Disease prevention is certainly very much to the fore, as it is such an integral part of sustainable poultry production. One could say that currently, it is one of the most used terms in global poultry production.
Since the surge of avian influenza, in ever increasing numbers of occurrences globally, biosecurity has become top of mind. Especially over the past few years with outbreaks resulting in astronomical financial losses being incurred by both large and small producers alike. The virus has resulted in devastating losses in large populations of poultry and in the process has wiped out many production businesses. On the surface, there appears to be no stopping its spread. It is obvious that better control measures and vaccination procedures need to be implemented throughout the production chain to secure this protein source. One could go so far as to ask “is there a need to source a replacement for the world’s largest, as well as lowest cost, animal protein?”
Ideally biosecurity is built in by design, but most of the time that is only possible in greenfield projects. Photo: Studio Kastermans
By definition, biosecurity is pretty straight forward: ‘A set up of measures that have been put in place by each individual poultry producer (and or related company) in order to protect that producer or company from the introduction of harmful pathogens, which can have a negative effect on the safe and efficient production environment for that type of animal protein (poultry – currently being the one with the highest global demand!)’. However, there are so many factors involved in biosecurity and these run concurrently with the term ‘disease prevention’, which simply means to, ‘prevent disease’. However to carry this out can be and is in many instances, a very intricate process and includes much more than just biosecurity. A combination of many steps or processes need to be set in place to ensure solid links in the entire production chain. This requires precision planning, and includes positioning of the facilities in the correct physical environment. As well as the availability of adequate land volume size, to allow for future expansions, especially if this is considered to be a requirement in the medium term (the next 5 to 10 years).
Getting the right foundation
The land selected should meet the optimum environmental requirements necessary for sustained quality poultry production. Keep in mind that this can differ depending on the type of poultry to be produced – broilers or egg layers (commercial or breeder eggs). Also consideration is needed as to whether closed environmental buildings are to be used or open naturally ventilated housing. For a naturally ventilated housing system – how much insulation should be used in the roof structure? Is it enough to keep the birds comfortable during the maximum and minimum daily temperatures that prevail throughout the year? Daily maximum and minimum ambient temperatures need to be known for the summer and winter periods as well as the normal % relative humidity and the times of the two daily dew points. These are some key issues as well as the make or break point of any poultry production operation, if it is to be economically viable.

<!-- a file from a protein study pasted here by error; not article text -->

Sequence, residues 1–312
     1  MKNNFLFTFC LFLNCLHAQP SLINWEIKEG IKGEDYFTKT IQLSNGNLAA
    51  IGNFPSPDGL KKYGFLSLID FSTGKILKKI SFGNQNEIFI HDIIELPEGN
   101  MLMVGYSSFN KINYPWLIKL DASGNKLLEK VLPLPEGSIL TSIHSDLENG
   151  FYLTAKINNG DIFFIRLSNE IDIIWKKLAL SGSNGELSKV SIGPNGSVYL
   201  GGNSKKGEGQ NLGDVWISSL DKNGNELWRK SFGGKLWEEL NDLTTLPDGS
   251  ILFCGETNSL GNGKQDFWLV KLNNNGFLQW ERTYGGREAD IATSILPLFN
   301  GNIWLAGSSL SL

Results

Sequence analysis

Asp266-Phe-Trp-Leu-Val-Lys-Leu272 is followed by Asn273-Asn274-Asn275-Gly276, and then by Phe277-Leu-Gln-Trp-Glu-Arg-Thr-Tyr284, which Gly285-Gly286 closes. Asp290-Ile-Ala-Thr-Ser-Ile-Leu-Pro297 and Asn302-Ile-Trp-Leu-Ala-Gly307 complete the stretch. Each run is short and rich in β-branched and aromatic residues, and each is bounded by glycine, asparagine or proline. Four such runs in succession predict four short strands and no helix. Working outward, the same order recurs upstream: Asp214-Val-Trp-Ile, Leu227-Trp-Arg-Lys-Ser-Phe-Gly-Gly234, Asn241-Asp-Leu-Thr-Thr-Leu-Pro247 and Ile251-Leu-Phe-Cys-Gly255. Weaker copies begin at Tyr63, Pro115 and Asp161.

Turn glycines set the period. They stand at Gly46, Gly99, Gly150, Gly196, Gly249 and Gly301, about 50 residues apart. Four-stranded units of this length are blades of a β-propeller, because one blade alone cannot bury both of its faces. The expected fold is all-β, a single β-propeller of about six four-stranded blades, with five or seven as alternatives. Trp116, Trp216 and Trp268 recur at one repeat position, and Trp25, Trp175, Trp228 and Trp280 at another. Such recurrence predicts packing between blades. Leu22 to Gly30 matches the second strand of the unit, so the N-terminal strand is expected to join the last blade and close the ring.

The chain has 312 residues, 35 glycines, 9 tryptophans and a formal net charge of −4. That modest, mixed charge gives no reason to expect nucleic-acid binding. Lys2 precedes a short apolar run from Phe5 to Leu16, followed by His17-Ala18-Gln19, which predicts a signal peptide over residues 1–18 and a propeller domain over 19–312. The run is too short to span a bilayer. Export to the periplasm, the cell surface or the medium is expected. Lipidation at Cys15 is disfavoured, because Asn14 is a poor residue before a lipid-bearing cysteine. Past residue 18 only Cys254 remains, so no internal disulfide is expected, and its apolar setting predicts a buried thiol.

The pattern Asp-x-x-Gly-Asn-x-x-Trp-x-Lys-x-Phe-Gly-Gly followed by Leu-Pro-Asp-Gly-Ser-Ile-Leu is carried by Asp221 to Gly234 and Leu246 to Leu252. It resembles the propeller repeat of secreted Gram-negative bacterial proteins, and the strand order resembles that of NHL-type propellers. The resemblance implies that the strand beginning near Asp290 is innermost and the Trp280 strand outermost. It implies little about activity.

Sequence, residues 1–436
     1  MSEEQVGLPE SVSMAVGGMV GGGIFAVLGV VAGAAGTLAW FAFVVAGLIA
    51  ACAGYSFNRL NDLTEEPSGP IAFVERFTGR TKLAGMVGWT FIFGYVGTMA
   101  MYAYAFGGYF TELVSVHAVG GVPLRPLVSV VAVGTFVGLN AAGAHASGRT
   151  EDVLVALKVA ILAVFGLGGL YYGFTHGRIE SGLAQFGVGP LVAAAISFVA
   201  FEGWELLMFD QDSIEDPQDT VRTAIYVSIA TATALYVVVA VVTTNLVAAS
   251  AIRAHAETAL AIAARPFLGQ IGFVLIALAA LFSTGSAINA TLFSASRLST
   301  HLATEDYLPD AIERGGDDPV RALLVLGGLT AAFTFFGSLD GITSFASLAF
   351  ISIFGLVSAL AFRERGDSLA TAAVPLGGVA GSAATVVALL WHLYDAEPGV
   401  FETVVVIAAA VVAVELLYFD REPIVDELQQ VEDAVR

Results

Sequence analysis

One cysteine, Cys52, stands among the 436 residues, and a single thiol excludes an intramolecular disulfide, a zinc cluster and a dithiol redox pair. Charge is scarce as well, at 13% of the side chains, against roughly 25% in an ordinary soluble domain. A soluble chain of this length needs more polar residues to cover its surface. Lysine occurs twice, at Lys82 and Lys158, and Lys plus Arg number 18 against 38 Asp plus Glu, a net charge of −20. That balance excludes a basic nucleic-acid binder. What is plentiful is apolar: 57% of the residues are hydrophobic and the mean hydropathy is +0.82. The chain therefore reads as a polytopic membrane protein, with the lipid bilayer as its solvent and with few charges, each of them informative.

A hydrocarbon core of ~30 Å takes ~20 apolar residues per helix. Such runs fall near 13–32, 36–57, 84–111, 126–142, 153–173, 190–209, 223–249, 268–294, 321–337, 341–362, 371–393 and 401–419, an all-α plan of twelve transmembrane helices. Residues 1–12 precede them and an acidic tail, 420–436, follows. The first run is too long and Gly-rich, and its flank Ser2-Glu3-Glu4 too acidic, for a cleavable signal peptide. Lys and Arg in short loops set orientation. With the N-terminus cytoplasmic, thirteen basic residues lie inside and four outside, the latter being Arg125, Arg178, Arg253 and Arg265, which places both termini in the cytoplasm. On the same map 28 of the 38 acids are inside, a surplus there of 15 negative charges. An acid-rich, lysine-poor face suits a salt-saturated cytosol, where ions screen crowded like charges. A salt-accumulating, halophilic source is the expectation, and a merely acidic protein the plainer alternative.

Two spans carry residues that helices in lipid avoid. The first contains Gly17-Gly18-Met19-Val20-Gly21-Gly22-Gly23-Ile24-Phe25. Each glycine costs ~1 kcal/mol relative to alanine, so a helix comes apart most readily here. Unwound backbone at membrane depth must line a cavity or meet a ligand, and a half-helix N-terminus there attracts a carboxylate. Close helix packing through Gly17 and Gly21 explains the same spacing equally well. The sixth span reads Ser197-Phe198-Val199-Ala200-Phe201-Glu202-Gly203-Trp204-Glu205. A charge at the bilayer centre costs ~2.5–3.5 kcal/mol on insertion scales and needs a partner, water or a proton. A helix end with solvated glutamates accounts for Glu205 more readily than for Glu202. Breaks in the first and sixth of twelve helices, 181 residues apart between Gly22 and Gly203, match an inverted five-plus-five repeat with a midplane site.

Avian influenza can travel by air, so ventilation can be a possible infection route. Trials with special mesh to lower disease pressure look promising. Photo: Mark Pasveer
Of course the production sites each need a security fence as well as a shower in and out system in operation with clean overalls for the staff, including ablution facilities. Before entering, everyone should make use of the shower, clean overalls and boots regardless of their status. This refers to anyone who has been given authority to enter and this needs to be pre-communicated to the site manager. The only other outside people to enter should be limited to a veterinarian, or a company maintenance person who is experienced with the equipment and who possesses the knowledge to repair electrical breakdowns.
Bulk feed delivery vehicles need washing and disinfection and pneumatic discharge to the bulk feed tanks should be in operation, this enables the process to take place without the vehicle accessing the site.Truck movements are a main source of infection being introduced to a site and this is often neglected. However, there are other options to reduce this risk including feed discharge to bulk tanks several kilometres from the production units and then using a company tanker to transfer the feed. This can be viable if the feed is in a high physical quality pellet or crumb. However, it may not be advisable if it is in the mash/meal physical state as pneumatic transfer can cause separation if too much handling is carried out.